Eindhoven University of Technology (TU/e, https://www.tue.nl/en/) is one of Europe’s top technological universities, situated at the heart of a most innovative high-tech region. Thanks to a wealth of collaborations with industry and academic institutes, TU/e’s research is known for its real-world impact and has worldwide a leading position in effective academic – industrial cooperation. TU/e has around 3,000 employees and 2,300 PhD students (half of which international, representing about 70 nationalities).
The candidate will work in the Signal Processing Group (SPS) at the Department of Electrical Engineering (https://www.tue.nl/en/university/departments/electrical-engineering/). Within the EE department, research and education is done in domains of Telecommunication, Care and Cure, and Smart energy systems. The SPS group has a strong track record not only in signal processing for digital communication, but also for medical applications and for intelligent lighting systems. The impact of the work of the group is evident from a very close cooperation with industrial partners and research institutes and from international recognition and awards of the team. The project is run in close cooperation with other Optical Wireless Communication projects at TU/e.
The demand for wireless communications is growing rapidly. It is expected that not only almost all inhabitants of the earth will carry a personal wireless device, but that also 50 Billion autonomous devices will have a wireless connection to the IoT. The growing wireless traffic will severely congest radio communication networks. Optical Wireless Communication, thus via light, promises to become a key solution to mitigate the pressure on the scarce radio spectrum. In fact, light beams can be targeted to the intended user, offering high bit rates due to a strong link budget, avoiding interference, reducing power consumption and offering an extra layer of security.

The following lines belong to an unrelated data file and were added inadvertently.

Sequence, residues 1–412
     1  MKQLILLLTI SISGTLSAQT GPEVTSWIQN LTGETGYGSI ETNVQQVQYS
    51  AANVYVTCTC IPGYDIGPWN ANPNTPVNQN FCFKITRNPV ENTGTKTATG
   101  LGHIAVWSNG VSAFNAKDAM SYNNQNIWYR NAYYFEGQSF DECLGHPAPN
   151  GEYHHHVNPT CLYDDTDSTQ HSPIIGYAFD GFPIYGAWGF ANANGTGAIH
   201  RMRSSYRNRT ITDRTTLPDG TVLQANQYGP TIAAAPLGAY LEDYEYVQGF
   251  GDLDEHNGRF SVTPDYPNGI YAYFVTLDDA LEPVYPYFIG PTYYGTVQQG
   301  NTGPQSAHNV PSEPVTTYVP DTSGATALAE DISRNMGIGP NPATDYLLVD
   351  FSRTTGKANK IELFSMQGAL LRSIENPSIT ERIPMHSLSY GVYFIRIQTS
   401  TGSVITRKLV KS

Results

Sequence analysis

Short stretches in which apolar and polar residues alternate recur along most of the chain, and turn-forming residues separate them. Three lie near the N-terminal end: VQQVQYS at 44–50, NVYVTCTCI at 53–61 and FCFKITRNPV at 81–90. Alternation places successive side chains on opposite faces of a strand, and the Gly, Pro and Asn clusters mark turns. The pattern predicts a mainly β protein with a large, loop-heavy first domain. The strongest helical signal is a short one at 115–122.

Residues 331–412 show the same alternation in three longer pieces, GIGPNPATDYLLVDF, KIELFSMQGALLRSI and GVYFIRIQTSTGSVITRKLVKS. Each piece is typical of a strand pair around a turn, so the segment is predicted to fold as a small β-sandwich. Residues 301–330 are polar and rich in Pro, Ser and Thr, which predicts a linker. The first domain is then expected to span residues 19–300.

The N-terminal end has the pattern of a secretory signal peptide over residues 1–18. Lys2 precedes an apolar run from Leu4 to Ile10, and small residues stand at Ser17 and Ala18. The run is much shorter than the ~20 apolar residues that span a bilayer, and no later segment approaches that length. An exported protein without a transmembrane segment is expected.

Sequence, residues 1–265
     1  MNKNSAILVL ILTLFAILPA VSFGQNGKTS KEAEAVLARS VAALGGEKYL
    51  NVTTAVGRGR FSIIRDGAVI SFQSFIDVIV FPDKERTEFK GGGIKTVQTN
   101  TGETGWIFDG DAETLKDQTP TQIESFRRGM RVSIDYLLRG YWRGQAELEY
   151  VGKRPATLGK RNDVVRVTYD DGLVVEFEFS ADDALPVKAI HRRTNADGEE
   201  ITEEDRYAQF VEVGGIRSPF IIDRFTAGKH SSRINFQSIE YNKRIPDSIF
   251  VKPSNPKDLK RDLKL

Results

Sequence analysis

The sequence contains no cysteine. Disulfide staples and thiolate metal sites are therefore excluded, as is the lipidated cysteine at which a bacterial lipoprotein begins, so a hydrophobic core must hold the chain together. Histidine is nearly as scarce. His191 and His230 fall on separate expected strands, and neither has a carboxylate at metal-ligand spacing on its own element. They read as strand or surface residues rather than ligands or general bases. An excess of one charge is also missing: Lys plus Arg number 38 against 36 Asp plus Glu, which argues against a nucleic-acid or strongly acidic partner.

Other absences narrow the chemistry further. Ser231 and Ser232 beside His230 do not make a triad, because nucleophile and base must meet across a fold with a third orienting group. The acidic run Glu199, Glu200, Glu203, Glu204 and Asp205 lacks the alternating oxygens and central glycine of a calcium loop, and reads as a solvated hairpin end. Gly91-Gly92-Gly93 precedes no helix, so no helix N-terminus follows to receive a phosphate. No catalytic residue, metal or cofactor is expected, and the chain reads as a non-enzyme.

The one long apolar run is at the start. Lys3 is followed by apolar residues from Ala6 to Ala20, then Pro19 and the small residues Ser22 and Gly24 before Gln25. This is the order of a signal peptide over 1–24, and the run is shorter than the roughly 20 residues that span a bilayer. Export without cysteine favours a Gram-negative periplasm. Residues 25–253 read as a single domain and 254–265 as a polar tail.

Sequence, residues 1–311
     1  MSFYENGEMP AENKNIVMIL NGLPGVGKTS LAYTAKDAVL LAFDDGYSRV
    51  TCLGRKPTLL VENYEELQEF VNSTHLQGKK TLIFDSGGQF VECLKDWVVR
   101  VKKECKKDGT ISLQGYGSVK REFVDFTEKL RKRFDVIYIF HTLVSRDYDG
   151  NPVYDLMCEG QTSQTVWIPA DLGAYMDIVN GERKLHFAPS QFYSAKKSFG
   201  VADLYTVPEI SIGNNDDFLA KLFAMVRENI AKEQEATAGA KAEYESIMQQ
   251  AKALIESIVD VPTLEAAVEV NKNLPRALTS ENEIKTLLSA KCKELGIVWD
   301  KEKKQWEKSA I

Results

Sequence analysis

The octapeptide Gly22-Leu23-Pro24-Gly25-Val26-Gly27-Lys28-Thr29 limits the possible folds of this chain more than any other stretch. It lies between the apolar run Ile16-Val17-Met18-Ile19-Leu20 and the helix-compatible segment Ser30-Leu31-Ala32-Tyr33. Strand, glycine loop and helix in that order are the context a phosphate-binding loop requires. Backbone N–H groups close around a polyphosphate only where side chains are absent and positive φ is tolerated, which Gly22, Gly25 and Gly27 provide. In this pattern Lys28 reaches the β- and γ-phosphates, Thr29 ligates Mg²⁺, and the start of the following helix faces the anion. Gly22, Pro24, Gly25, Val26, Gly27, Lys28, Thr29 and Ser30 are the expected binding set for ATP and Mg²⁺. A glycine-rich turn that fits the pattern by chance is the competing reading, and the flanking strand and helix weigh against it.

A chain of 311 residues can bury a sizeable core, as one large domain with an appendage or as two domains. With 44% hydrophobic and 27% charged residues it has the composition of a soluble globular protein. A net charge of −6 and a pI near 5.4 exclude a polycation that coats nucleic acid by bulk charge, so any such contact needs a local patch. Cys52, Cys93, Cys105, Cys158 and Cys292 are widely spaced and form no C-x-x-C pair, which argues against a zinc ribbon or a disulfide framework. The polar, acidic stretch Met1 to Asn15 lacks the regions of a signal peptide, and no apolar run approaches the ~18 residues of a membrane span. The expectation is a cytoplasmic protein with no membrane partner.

The optical channel and light sources behave essentially different from radio systems. This has consequences for the physical layer and for communication protocols. This project extends work in the SPS group on characterization and modeling of the communication link and the optical front-ends, and the use of these models to improve the performance of communication systems. In particular, Signal Processing and Link Adaptivity aspects are addressed.
There is still a wide gap in performance between practical optical systems and what tests under lab conditions promise. This requires fundamental steps to be made in our understanding of the optical components and to create effective and efficient communication solutions. Modelling of the emitters (not only of LEDs, but also of VCSELs and other lasers), and detectors to support faster modulation, is a first step. The transition from LEDs to VCSELs allows higher modulation bit rates. Sectorization improves links budgets. Yet the optical detectors are becoming a bottleneck in the performance.
Meanwhile, narrower beams bring challenges in tracking the signal. Mechanisms to connect to the moving user location and to steer light beams seamlessly are not yet mature. Acquisition and tracking require novel mechanisms, jointly optimizing optics, emitter and detector arrays, algorithms to track and control beam directions, and protocols, not only for the data beam, but also for instance to generate error and control signals.
In the Signal Processing group, we are looking for a candidate who is interested and has a background in the overall system, but particularly has a background in wireless (optical) communications principles, signal processing algorithms and protocols. The project includes work on the hardware infrastructure (transceivers, cooperation between multiple emitters and receivers, backbone infrastructure), modulation processing and signal detection, as well as experimental verification and demonstration in practical system trials.
The PhD candidate will have to design, analyze, engineer and implement an OWC system which is able to reliably offer high data rates using advanced signal processing (including diversity, MIMO) techniques. The candidate also should consider constraints in the system design, such as cost-optimized coverage, power consumption and signaling complexity. Moreover, he/she should validate the system in a realistic system application environment of IoT.
The PhD candidate should regularly report about his/her work, both orally in progress meetings as well as in writing deliverable reports. He/she should cooperate with the other researchers in the project, amongst others by integrating his/her results in the joint project system demonstrator. He/she should disseminate his/her work, including transfer to project partners and via publications in scientific journals and conferences.
Do you recognize yourself in this profile and would you like to know more? Please contact prof. Jean-Paul Linnartz, j.p. linnartz[at]tue.nl
For information about terms of employment, please contact HR department, hrservices.flux[at]tue.nl
Please visit www.tue.nl/jobs to find out more about working at TU/e!
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